The Minister of Economy expects growth this year to be at the lower end of earlier forecasts but remains positive about the economic outlook. Sultan al Mansouri said the country had sufficient reason to be confident about the economy in the second half of the year. "It is clear skies after the overcast conditions that followed the global economic crisis," he said in a speech on Sunday. "Green shoots are visible all over and the outlook is essentially positive."
Mr al Mansouri said in May GDP expansion would be between 2 and 3.2 per cent this year, with the higher figure more likely if oil prices averaged US$85 for the year. "The average we like to talk about for the year 2010 is 2.25 per cent," he said during his speech at a Dubai Chamber of Commerce and Industry suhoor. An expected 4.5 per cent increase in demand for oil in the Middle East this year had helped to support a wider rise in demand internationally, he said.
Oil yesterday traded at about $75 after dropping from highs of about $85 in April due to concerns about the outlook for the global economy. Production cuts by OPEC members meant GDP growth in the UAE would be almost entirely driven by the non-oil sector this year, said Giyas Gokkent, the chief economist at National Bank of Abu Dhabi. "In the UAE we are looking at two-tier growth as there is activity in Abu Dhabi but the rest of the country is looking flattish," said Mr Gokkent.
He forecasts growth of 2.8 per cent this year, with real GDP coming from non-oil sectors such as property, construction and services. He said growth would accelerate next year if oil production increased as a result of loosening OPEC restrictions. Expansionary fiscal and monetary policies of the Federal Government had helped to maintain aggregate demand after the financial crisis, said Mr al Mansouri. Declines in investment and consumer expenditure due to a shortage of liquidity in the first quarter had been offset by significant increases in government expenditure.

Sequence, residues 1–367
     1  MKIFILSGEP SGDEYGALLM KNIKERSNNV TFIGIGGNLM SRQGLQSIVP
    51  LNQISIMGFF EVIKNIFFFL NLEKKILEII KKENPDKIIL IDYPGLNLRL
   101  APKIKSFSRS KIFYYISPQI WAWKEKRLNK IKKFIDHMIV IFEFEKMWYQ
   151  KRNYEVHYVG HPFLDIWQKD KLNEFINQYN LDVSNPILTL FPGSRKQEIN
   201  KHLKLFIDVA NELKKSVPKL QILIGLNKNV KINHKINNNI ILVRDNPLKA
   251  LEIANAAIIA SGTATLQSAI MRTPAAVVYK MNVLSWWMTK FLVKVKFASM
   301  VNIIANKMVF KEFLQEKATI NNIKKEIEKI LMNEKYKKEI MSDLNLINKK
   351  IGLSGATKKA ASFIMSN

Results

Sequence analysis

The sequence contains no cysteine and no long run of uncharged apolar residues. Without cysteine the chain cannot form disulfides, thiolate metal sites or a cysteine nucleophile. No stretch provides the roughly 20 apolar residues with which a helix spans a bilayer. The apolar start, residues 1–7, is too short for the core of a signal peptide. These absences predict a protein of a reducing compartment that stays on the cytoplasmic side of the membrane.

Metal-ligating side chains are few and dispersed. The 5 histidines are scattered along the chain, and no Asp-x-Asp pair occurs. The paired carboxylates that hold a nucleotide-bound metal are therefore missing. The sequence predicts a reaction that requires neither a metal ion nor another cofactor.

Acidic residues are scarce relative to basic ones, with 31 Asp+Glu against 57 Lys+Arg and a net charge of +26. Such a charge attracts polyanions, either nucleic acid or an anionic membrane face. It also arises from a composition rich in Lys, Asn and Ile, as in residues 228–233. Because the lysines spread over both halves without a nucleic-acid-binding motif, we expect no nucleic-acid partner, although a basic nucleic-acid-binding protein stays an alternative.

A longer recovery period in the property sector meant it had begun to shift from an important driver of the economy to an enabler, he said. "This switch, especially in Dubai, brought more focus on trade, logistics and services ? as evidenced by the strong recoveries in the trade, logistics and tourism sectors," he said. Preparations were under way to launch 12 laws to update the country's existing business and commercial legal framework, which dates back 25 years in some areas.
The companies law would make it mandatory for firms in the UAE to establish a general corporate governance framework to protect shareholders' rights and improve transparency, Mr al Mansouri said. Having been discussed by the ministerial legal committee and sent to the cabinet for approval, the legislation is expected before the end of the year, he said. A competition law, which has also been sent to the Cabinet, would encourage competition and curb monopoly practices in line with recent recommendations from the World Trade Organisation.
A draft arbitration law, which would provide guarantees to investors in the event of dispute settlements, has been finalised. An industry law encouraging small and medium industries and protecting UAE products from the dumping of cheap international exports is at the planning stage, along with an auditors law, industrial ownership law, certificate of origin law and an anti-fraud law. "All these laws being drafted encompass lessons from the past, realities of the present and goals for the future," he said.